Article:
Picton is a town in the north east corner of the south island of New Zealand with a population of less than 3,000 people. Picton is the main town where ferries travel between the two islands through the Queen Charlotte Sound. Picton is a major tourist destination with many waterfront cafes and dolphin/seal watching. There are many places to hike and see the different views of the sound. Between the Waikawa Bay and Picton there is a snout where you can see a great view of the peninsula.
http://www.travelpod.com/travel-blog-entries/charmedlife/rtw-2006/1175937840/tpod.html - a blog about traveling into Picton
http://images.google.com/imgres?imgurl=http://upload.wikimedia.org/wikipedia/commons/b/bf/Picton_New_Zealand.JPG&imgrefurl=http://commons.wikimedia.org/wiki/File:Picton_New_Zealand.JPG&usg=__U89chddJxZ64mFoeutBXNVv-OeI=&h=1200&w=1600&sz=815&hl=en&start=1&um=1&tbnid=25ebA-GCFFi0TM:&tbnh=113&tbnw=150&prev=/images%3Fq%3Dpicton%2Bnew%2Bzealand%26hl%3Den%26sa%3DX%26um%3D1 – Picture of Picton
http://www.retireearlylifestyle.com/p1a.jpg - People having a great time in Picton
http://www.offexploring.com/photos/scottfree/photos/Queen%20Charlotte%20Sound%20104.jpg - Picton
Waipoua Kauri Forest is part of the largest remaining native forest in the northland. They are under the protection of the Department of Conservation, so none of it is being lost to make way for farmland or for timber. Kauri are the major trees that make up this forest. They are huge trees which make them a beautiful site to see. They can reach heights of 50 meters tall and reach widths of 16 meters. Beneath the canopy of the Kauri there is a good amount of diversity in the shrubs and smaller plants. This forest is home to one of New Zealand's endangered species, the Keruru which is a type of pigeon. Rats and possums have preyed on this pigeon which has been one of the reasons its population has decreased so much.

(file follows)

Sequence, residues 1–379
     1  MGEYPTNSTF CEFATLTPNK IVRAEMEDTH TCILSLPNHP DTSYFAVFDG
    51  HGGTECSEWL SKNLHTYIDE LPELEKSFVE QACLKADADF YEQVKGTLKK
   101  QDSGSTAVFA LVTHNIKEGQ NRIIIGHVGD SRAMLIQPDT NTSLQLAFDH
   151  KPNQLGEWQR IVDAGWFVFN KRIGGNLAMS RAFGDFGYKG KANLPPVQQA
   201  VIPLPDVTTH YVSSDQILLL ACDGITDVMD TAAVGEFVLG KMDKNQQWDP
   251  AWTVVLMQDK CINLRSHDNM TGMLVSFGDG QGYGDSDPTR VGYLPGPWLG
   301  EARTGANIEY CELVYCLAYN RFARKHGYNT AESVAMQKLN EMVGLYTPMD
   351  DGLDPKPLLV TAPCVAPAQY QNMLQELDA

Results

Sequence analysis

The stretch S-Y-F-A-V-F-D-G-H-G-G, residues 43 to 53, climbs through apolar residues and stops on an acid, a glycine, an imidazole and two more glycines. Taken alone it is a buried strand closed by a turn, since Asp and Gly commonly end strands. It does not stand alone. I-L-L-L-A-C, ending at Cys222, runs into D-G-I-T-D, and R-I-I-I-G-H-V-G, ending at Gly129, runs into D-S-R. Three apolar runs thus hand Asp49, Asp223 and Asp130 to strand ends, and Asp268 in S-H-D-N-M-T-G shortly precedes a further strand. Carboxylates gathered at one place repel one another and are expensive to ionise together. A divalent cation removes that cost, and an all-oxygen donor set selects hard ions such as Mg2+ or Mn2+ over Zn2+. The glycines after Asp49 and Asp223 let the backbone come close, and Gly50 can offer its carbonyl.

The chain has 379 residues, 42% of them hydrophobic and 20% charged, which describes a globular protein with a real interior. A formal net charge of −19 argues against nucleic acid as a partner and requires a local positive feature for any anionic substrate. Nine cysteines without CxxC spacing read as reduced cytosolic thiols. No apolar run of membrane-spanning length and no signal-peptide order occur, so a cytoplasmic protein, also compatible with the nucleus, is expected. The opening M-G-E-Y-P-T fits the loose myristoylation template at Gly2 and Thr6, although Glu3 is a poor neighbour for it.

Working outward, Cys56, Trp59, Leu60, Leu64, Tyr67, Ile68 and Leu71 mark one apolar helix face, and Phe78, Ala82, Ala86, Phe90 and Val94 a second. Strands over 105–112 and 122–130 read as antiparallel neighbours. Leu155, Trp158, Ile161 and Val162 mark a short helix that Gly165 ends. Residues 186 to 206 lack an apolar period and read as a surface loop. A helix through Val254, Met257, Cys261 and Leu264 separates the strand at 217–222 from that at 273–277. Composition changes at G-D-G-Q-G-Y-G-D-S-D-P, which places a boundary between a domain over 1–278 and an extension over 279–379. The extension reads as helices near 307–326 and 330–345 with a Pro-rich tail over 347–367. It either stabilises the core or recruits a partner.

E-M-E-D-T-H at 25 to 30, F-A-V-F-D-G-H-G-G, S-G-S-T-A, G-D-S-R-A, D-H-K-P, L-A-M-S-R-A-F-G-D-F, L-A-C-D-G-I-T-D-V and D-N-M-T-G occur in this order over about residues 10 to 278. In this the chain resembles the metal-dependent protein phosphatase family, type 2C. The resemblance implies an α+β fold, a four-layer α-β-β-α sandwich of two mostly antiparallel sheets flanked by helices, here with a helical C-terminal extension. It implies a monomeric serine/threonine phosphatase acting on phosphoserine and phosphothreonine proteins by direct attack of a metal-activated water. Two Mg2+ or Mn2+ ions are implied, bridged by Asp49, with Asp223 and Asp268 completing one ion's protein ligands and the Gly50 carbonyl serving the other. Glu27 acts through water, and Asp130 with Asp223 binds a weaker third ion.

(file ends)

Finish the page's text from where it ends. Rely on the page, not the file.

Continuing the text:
The Waipoua Kauri Forest has long been inhabited by the Maori people. This group of people rely on fishing and agriculture to live. Much of the forest was cut down when European settlers came to New Zealand. This was due to the size of the Kauri trunks and the need/want for farmland in this area. Eventually in 1952, the 9,105 hectare Waipoua Sanctuary was created to help preserve the forest until the Department of Conservation was able to increase protection of the forest.
http://aviary.owls.com/wood_pigeon/wood_pigeon.html - A little bit about the New Zealand pigeon!
http://www.davidwallphoto.com/images/%7B6D5EA0B1-0890-48C8-AF97-E136AC011AA9%7D.jpg – picture of a Kauri tree
http://nzphoto.tripod.com/forest/images/kauri01.jpg - Picture of Waipoua Kauri Forest
http://www.travelpod.com/travel-blog-entries/liammichelle/downunder-0405/1103258160/tpod.html - blog from someone who visited the Waipoua Kauri Forest